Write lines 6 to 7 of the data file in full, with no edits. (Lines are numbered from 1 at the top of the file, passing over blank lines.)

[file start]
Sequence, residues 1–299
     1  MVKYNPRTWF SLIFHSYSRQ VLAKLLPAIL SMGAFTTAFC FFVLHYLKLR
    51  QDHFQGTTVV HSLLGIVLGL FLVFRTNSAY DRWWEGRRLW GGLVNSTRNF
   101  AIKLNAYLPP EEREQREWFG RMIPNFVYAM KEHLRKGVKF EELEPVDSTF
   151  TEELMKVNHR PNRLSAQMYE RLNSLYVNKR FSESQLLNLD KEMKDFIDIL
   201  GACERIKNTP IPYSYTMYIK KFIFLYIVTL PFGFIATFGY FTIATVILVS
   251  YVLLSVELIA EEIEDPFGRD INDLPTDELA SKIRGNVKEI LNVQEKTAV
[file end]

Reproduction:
   201  GACERIKNTP IPYSYTMYIK KFIFLYIVTL PFGFIATFGY FTIATVILVS
   251  YVLLSVELIA EEIEDPFGRD INDLPTDELA SKIRGNVKEI LNVQEKTAV